The US-based Centre for Disease Dynamics and Economic Policy (CDDEP) has made a more frightful analysis saying even with “hard lockdown, continued social distancing and isolation of cases”, COVID cases will peak to about 111 crore by September. The Centre for Infectious Disease Research and Policy (CIDRAP) gives a longer tenure of next 18 to 24 months for the prevalence of coronavirus before gradually diminishing. These mathematical models have inherent weakness.

The country cannot be kept indefinitely under lockdown. The Prime Minister announced Rs 20 lakh crore package, mostly fiscal incentives and easy credit, to give a boost to the economy. The package covers mostly micro, small and medium sized industries (MSMEs), non-banking finance and housing finance corporations, micro finance institutions, power distribution companies, contractors and real estate projects, industrial clusters, commercial mining in coal and mineral sector, defence production, space and atomic energy and encouraging investments in health sector. Easy credit and insurance are assured to farm sector to boost rural economy.


But capital and liquidity are not enough to restart the economy without adequate labour force and generation of demand. The migrant workers who had come to cities faced difficult times during lockdown. They were without job and unable to pay rent for their accommodation. The government provided free cooked food, but that was not enough for a living. In such a situation, they were anxious to go to their native places, but inter-state borders were sealed.


When belatedly, special shramik trains were arranged, most had to pay for their ticket, even though it was decided that they should travel free and receive free food. There was lack of coordination between the Centre and the States, even though it was decided that Railways would bear 85 per cent of the cost and the concerned State Governments the remaining 15 per cent.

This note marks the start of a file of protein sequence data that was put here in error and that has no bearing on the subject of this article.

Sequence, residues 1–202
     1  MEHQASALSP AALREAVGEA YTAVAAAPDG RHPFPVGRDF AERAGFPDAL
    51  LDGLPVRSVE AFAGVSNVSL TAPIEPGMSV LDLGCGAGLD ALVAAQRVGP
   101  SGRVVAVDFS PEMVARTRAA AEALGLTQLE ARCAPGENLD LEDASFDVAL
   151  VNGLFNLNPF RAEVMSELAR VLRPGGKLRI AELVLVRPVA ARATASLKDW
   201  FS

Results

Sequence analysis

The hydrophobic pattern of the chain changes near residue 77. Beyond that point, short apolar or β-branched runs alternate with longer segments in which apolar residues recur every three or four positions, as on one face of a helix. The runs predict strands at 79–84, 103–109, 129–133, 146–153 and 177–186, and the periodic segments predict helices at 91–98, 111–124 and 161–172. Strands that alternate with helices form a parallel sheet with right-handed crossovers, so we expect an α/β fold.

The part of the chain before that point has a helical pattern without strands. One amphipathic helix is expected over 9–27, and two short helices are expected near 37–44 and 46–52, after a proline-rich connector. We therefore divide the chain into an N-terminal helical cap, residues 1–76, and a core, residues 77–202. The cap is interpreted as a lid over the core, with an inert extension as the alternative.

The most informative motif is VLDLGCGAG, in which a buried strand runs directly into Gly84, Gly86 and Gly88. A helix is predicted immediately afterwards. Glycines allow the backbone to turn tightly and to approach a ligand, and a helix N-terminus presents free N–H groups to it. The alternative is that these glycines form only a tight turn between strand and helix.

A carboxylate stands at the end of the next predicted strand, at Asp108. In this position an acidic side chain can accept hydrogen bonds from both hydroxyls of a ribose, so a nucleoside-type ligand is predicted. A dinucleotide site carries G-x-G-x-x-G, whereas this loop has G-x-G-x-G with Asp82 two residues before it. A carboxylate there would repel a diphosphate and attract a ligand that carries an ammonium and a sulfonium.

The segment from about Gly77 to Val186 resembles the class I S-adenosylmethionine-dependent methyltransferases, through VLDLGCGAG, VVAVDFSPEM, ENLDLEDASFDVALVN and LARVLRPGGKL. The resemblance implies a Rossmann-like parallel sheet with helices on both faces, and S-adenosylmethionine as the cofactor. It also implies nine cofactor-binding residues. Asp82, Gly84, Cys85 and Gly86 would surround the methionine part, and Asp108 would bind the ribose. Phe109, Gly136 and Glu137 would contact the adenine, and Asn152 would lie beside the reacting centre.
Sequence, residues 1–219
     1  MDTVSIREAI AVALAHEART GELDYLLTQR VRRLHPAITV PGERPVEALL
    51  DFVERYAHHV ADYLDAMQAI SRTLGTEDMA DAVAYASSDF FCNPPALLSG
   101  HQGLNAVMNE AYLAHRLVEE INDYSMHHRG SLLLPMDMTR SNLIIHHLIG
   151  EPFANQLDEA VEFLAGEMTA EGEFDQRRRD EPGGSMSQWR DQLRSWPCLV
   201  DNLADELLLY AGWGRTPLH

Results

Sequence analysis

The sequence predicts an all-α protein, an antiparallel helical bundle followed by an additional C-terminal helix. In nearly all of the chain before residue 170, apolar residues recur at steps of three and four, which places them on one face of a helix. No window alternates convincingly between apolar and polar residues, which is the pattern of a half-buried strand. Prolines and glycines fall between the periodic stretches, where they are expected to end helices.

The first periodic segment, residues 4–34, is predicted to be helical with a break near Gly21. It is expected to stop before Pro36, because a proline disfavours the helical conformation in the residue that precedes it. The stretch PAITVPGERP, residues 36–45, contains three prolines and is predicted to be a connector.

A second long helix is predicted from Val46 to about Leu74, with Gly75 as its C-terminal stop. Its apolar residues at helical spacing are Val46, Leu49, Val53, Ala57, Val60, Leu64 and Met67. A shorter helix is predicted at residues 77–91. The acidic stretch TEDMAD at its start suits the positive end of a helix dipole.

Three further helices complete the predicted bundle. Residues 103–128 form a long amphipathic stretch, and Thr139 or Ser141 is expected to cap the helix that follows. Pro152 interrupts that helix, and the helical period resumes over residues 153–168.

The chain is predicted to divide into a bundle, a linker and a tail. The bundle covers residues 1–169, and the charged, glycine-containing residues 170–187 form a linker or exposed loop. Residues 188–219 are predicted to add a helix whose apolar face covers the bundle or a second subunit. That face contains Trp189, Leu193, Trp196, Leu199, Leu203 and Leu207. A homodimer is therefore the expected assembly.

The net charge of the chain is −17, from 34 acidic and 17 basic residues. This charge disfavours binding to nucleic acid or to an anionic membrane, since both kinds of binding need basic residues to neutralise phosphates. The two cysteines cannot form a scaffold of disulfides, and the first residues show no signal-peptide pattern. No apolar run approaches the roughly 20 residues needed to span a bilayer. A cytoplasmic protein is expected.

Most migrant workers are unwilling to come back as the distress they suffered still haunts them and the future looks dark with growing number of COVID cases. Government should think of encouraging industries in rural areas.


There is no specific law to deal with a pandemic situation in the country. Public Health (Prevention, Control and Management of Epidemics, Bio-terrorism and Disasters) Bill 2017 has not yet been placed in Parliament. The Union Home Ministry invoked Disaster Management Act 2005 (DMA -2005) and included COVID-19 outbreak as “notified disaster” and a “critical medical condition or pandemic”. It delegated powers to the Union Health and Family Welfare Ministry to enhance preparedness and containment of COVID-19. The State Governments were asked to invoke the archaic Epidemic Disease Act 1897. These two laws acting in tandem brought Indian Penal Code into operation to facilitate the clamping of lockdown.


These laws gave more powers to the government to enforce lockdown without corresponding duties to be performed for the people. The single page archaic Epidemic Disease Act 1897 with only four sections is not sufficient to deal with the current pandemic situation. Only States were allowed to draw from their Disaster Response Fund for necessary activities. Laws with only rights of the State without corresponding obligations will cause a paradoxical situation, especially in the process of unlocking.